Sarah Silverman discusses being typecast, Jewish representation in Hollywood
Sarah Silverman has opened up about her frustrations with Jewish representation in Hollywood, arguing that Jewish actresses are often typecast and shut out of non-stereotypical roles.
In an interview on The Howard Stern Show Tuesday, Silverman noted that "Jewy" actresses typically play a narrow range of roles: "The parts I get to play, you're either a sassy friend of the main character who's just in charge of exposition… or you're this c---y girlfriend before the guy realizes what love really can be, or you're that guy's sleazy book agent, or scumbag executive," she said.
Silverman added that non-Jewish actors are often cast as Jewish characters who are more sympathetic or heroic, citing roles like Ruth Bader Ginsburg. "If there is a role that's a Jewish woman… but she is courageous, or she deserves love, or is altruistic in any way, she's played by a non-Jew," Silverman said. "They finally make RBG the movie, and it's a British woman, Felicity Jones. Mrs. Maisel [played by Rachel Brosnahan] — God bless her, she's brilliant — not Jewish."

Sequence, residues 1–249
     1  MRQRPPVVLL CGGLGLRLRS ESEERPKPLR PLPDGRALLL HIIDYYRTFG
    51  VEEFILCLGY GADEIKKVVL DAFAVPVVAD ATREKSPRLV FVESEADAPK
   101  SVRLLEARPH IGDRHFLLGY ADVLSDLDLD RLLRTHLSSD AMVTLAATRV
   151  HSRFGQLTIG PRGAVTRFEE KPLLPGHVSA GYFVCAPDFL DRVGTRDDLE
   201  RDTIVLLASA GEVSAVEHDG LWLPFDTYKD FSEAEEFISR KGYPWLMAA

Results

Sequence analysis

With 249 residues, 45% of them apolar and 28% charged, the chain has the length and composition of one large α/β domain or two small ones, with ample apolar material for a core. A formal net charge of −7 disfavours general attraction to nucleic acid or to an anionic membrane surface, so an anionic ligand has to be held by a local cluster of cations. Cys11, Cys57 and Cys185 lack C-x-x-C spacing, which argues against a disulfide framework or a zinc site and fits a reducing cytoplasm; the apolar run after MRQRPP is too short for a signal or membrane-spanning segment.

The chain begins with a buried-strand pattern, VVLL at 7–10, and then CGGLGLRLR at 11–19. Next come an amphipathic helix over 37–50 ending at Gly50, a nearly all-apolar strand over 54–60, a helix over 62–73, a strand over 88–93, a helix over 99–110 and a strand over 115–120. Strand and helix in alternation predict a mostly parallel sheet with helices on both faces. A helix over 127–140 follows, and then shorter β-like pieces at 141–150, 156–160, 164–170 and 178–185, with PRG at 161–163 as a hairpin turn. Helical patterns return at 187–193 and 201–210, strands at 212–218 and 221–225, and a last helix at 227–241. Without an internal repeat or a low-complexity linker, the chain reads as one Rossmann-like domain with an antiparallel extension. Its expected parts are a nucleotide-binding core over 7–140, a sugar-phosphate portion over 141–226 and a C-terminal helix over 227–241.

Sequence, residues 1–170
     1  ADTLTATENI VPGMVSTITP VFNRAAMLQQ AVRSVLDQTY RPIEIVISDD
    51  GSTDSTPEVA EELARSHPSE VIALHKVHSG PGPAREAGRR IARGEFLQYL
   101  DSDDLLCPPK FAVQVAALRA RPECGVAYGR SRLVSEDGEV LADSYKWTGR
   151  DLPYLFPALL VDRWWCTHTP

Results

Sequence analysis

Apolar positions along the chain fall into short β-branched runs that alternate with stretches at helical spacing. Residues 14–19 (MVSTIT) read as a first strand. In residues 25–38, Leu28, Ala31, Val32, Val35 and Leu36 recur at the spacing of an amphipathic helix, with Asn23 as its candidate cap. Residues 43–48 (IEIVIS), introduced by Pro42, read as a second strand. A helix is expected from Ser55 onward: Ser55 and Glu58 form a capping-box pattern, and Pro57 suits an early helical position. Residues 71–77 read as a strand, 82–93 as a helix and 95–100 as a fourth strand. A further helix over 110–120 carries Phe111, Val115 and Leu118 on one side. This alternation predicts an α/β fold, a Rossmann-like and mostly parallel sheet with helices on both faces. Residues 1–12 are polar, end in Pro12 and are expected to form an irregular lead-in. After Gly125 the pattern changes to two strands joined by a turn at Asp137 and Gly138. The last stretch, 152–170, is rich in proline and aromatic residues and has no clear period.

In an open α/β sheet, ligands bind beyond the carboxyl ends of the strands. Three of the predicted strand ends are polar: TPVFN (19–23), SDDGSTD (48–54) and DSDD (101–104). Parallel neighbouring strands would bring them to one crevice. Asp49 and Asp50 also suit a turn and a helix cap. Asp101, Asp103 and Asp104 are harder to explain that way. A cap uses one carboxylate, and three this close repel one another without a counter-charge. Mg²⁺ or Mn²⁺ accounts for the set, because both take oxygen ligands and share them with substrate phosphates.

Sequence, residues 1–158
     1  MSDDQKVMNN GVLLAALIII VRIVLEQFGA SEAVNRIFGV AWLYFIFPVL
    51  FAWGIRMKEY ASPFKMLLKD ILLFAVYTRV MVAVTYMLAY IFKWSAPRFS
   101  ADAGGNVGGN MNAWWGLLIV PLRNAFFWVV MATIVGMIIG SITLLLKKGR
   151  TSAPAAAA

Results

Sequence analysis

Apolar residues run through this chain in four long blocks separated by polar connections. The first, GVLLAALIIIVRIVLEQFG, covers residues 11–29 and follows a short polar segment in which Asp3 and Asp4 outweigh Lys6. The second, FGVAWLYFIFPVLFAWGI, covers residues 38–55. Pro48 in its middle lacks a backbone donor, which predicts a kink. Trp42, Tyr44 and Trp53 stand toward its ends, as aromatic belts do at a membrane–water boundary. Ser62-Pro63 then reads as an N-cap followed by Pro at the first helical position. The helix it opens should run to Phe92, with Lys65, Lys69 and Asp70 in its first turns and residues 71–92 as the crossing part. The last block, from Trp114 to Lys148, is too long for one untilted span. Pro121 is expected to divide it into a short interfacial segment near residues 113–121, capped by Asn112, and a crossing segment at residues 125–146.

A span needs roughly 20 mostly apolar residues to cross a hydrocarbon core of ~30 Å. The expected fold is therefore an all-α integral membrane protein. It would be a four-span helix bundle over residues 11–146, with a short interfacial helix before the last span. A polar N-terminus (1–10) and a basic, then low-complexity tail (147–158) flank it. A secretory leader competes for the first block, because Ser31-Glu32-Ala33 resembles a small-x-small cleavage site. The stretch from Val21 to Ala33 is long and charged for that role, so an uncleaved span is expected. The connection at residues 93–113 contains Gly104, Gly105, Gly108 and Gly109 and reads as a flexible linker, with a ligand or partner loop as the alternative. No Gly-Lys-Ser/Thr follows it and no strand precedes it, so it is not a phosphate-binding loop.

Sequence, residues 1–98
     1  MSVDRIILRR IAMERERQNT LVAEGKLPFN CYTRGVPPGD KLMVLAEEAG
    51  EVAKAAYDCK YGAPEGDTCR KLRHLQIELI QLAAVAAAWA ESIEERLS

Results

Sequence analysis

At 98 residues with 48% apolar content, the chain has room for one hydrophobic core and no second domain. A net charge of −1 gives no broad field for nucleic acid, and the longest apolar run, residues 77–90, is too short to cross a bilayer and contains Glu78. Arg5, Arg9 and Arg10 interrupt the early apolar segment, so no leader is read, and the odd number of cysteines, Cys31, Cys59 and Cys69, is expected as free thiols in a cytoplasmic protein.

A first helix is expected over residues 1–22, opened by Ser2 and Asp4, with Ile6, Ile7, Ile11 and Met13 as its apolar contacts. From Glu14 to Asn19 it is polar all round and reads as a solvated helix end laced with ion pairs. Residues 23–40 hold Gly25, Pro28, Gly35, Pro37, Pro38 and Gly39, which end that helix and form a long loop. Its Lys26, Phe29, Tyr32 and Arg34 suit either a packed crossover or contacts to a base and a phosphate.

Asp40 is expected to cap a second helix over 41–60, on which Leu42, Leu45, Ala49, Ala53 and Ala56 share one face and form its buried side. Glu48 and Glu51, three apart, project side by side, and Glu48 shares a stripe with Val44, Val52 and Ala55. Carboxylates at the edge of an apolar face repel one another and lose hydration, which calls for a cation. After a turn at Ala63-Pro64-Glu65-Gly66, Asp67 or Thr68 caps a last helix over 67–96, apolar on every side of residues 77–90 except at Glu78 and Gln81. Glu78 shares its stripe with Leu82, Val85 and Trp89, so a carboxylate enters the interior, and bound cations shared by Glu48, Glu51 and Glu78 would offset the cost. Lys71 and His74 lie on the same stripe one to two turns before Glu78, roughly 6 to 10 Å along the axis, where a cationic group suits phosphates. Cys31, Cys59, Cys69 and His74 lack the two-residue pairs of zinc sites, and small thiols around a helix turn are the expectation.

While adding that "Actors are actors, and they should play all different parts, 100 percent," Silverman continued, "It's like when they cast someone who has two arms as a person with one arm, and [use] CGI. And then the one-armed actor is like, 'Are you f---ing serious? Can I even get an audition?'"
She also weighed in on the common practice of actors changing their names: "Winona Ryder, if she kept her name Winona Horowitz, you think she would have starred in The Age of Innocence? No f---ing way!"
"I'm not saying nobody feels bad for us, but people really roll their eyes at Jews pointing out anti-Semitism at all, because they're just over it," the comedian added. "They saw the Holocaust movies, [they're] like, 'Next.'"